|Publication number||US5391495 A|
|Application number||US 08/143,976|
|Publication date||Feb 21, 1995|
|Filing date||Oct 27, 1993|
|Priority date||Nov 5, 1992|
|Also published as||CA2103932A1, CN1091472A, EP0596490A2, EP0596490A3|
|Publication number||08143976, 143976, US 5391495 A, US 5391495A, US-A-5391495, US5391495 A, US5391495A|
|Inventors||Ramesh N. Patel, Amit Banerjee, Clyde G. McNamee, Laszlo J. Szarka|
|Original Assignee||Bristol-Myers Squibb Company|
|Export Citation||BiBTeX, EndNote, RefMan|
|Patent Citations (3), Non-Patent Citations (38), Referenced by (22), Classifications (25), Legal Events (5)|
|External Links: USPTO, USPTO Assignment, Espacenet|
This application is a continuation of application Ser. No. 07/972,286, filed Nov. 5, 1992, now abandoned.
The present invention concerns the stereoselective microbial reduction of certain keto group-containing sulfonamido compounds to form the corresponding hydroxyl group-containing compounds.
Larsen and Lish (Larsen, A. A. and Lish, P. M. (1964) Nature, 203, 1283-1284) reported the biological activity of a series of phenethanolamine bearing alkyl sulfonamido groups on the benzene ring. Within this series, some compounds possessed adrenergic and anti-adrenergic actions including alpha-adrenergic receptor block or receptor stimulation, beta-adrenergic receptor block or receptor stimulation. D-(+) sotalol is a beta-blocker (Uloth, R. H., Kirk, J. R., Gould, W. A., and Larsen, A. A. (1966) Sulfonanilides, 9, 88-96). Unlike other beta-blockers, it has class III antiarrhythmic properties (Lish, P. A., Weikel, J. H., and Dungan, K. W. (1965) J. Pharma. and Exper. Therapeutics, 149, 161-173). The beta-adrenergic blocking drugs such as propanolol and sotalol have been separated chemically into the dextro and levo rotatory optical isomers, and it has been demonstrated that the activity of the D(+) isomer is 50 times that of the corresponding L(-) isomer (Somani, P., and Bachand, T. (1969) Eur. J. Pharma, 7, 239-247). Thus, it would be highly desirable to have a facile stereoselective process for obtaining the enantiomeric pure isomers of the above described sulfonamido compounds.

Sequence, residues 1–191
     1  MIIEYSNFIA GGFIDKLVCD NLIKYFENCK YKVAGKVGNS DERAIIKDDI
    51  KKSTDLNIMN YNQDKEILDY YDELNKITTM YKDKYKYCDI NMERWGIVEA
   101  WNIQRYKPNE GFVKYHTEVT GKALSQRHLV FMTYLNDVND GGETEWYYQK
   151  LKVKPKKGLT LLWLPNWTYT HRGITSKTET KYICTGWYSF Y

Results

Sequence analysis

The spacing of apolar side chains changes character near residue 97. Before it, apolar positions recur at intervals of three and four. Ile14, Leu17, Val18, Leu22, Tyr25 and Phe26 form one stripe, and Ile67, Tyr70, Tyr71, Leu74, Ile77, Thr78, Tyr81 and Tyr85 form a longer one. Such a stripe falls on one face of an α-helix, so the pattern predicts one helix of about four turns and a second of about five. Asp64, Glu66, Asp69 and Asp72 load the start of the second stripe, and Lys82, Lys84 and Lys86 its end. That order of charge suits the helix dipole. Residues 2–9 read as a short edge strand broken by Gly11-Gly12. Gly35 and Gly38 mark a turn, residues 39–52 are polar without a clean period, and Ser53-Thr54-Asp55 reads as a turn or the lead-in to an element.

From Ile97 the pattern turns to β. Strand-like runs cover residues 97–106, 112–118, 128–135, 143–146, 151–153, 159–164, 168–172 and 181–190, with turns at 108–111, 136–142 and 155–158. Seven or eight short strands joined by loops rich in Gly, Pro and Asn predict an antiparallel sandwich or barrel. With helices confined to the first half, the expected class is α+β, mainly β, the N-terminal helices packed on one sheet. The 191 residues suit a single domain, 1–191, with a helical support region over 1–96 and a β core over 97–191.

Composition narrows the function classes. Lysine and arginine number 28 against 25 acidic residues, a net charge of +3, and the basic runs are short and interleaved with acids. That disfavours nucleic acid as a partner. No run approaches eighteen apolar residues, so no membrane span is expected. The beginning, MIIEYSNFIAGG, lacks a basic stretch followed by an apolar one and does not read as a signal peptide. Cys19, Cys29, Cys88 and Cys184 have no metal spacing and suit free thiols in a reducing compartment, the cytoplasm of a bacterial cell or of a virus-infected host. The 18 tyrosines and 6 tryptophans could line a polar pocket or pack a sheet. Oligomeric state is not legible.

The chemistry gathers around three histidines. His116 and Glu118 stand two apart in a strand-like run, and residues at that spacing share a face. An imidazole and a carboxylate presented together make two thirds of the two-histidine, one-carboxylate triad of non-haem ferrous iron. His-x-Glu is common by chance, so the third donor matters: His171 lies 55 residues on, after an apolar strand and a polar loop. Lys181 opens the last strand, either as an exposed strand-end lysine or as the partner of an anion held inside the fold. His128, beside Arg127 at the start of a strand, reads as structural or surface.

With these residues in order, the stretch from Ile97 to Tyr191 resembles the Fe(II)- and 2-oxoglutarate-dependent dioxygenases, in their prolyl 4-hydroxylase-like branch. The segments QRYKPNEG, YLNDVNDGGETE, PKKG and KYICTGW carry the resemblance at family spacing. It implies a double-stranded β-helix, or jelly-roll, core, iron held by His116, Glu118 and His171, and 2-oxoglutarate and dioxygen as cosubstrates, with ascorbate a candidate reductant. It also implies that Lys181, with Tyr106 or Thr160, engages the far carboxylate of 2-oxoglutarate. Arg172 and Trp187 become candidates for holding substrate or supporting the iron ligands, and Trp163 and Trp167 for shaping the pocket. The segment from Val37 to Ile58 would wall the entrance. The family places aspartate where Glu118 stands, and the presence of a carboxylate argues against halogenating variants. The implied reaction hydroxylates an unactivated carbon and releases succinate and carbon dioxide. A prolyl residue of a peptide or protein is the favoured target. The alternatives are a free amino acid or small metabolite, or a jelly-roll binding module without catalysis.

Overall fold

The use of enzymes and microorganisms to produce certain optically active compounds is known in the art (see, for example, U.S. Pat. No. 5,106,736; U.S. Pat. No. 4,857,468; Akita, H. et al., (1984) Chem. Pharm. Bull., 32(4), 1342-1348; Hummel, W. (1990) Biotechnology Letters, 12(60), 403-408; and Schneider, M. P. et al., pp 483-529 in Bioflavour '87, P. Schreier, editor, De Grugter, Berlin (1988)). However, heretofore the stereoselective microbial/enzymatic reduction of certain keto group-containing compounds as hereinafter described has been unknown.